The satanic imagery which in the late 1970s came to dominate the iconography surrounding Heavy Metal may be seen as the development of certain tendencies present within psychedelia. It is known, for example, that within the hippy counter-culture fantasy literature such as Tolkien's Lord of the Rings was widely read and provided motifs for a wide range of examples of poster art, songs, album covers, and so on. In progressive rock of the 1970s, album covers by artists such as Roger Dean, which were commercialized in poster and book form, represented a continuation of this current. The iconography of Heavy Metal culture, as it became more coherent by middecade, grew out of one particular strand within this overall tendency: that of heroic fantasy literature and illustration, most closely associated with fictional characters such as Conan the Barbarian. Dominated by an imagery of carnage, and mildly pornographic, the illustrative style which emerged around Heavy Metal may be seen as a masculinization of the fantasy elements present within psychedelic culture.
As this iconography came to dominate within Heavy Metal culture there was a proliferation of fantasy and satanic imagery as elements of vehicle decor, pinball machine thematics, poster art, T-shirt and jean jacket illustration, and so on. For the most part, this tendency has involved the inscribing of a masculinistheroic element within the fantastic or mystical motifs that surrounded psychedelic and, later, progressive rock. These motifs increasingly stand out against the geometrical-minimalist and retro design principles that became widespread within rock music following the emergence of punk and new wave.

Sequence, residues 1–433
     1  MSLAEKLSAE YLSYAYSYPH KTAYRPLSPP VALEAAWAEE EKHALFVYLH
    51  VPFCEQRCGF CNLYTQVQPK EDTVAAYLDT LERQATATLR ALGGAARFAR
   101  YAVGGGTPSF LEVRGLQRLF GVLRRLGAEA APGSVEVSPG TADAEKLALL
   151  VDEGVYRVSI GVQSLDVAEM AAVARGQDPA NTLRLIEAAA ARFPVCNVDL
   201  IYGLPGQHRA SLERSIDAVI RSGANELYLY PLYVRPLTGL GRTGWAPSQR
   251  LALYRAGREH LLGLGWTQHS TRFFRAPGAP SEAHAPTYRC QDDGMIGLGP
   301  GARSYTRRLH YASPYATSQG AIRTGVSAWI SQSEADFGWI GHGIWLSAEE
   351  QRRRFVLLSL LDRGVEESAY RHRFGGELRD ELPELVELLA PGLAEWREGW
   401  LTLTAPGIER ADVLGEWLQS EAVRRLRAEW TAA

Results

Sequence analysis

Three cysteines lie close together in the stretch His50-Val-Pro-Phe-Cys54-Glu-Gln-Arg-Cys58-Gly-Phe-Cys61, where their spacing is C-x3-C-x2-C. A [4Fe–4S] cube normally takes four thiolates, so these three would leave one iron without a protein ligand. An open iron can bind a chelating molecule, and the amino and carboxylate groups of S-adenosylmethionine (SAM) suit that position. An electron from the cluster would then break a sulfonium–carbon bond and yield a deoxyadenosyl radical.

Heavy Metal is at once the most consistently successful form of rock music and the most marginalized within the discourse of institutionalized rock culture. That literary criticism is not regularly unsettled by the popularity of Harlequin Romances, while North American rock culture regards Heavy Metal as a "problem" is symptomatic of the tension in the 1970s between the ascension of critical discourse on rock music to respectable institutional sites and the populist reading of rock music as an important underpinning of that discourse.
Heavy Metal in North America offers perhaps one of the purest examples of involvement in rock music as an activity subordinate to, rather than determinate of, peer group formation -one reason, perhaps, for the restriction of its appeal to limited age groups. While involvement in disco or punk very often determines choices as to the types or sites of interpersonal interaction, or even the selection of occupations or places to live, involvement in Heavy Metal, for the most part, does not.
In the last five years, both the nature and place of Heavy Metal have undergone a number of transformations. The following summary remarks, while by no means exhaustively characterizing Heavy Metal's more recent developments, should at least suggest directions for further research: